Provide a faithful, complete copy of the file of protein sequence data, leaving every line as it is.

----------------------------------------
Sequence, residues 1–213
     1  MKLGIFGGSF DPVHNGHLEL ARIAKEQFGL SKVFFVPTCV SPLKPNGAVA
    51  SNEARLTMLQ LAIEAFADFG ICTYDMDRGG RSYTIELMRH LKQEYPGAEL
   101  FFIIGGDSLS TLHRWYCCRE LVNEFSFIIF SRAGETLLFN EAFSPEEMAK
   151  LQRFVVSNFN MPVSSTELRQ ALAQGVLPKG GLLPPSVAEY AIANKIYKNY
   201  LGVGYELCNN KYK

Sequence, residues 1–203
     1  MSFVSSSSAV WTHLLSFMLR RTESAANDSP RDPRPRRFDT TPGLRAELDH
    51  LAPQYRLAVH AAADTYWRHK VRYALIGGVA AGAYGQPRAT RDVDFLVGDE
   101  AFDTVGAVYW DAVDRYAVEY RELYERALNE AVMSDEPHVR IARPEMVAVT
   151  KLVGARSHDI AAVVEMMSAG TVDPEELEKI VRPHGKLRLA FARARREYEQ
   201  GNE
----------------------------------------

Sequence, residues 1–213
     1  MKLGIFGGSF DPVHNGHLEL ARIAKEQFGL SKVFFVPTCV SPLKPNGAVA
    51  SNEARLTMLQ LAIEAFADFG ICTYDMDRGG RSYTIELMRH LKQEYPGAEL
   101  FFIIGGDSLS TLHRWYCCRE LVNEFSFIIF SRAGETLLFN EAFSPEEMAK
   151  LQRFVVSNFN MPVSSTELRQ ALAQGVLPKG GLLPPSVAEY AIANKIYKNY
   201  LGVGYELCNN KYK

Sequence, residues 1–203
     1  MSFVSSSSAV WTHLLSFMLR RTESAANDSP RDPRPRRFDT TPGLRAELDH
    51  LAPQYRLAVH AAADTYWRHK VRYALIGGVA AGAYGQPRAT RDVDFLVGDE
   101  AFDTVGAVYW DAVDRYAVEY RELYERALNE AVMSDEPHVR IARPEMVAVT
   151  KLVGARSHDI AAVVEMMSAG TVDPEELEKI VRPHGKLRLA FARARREYEQ
   201  GNE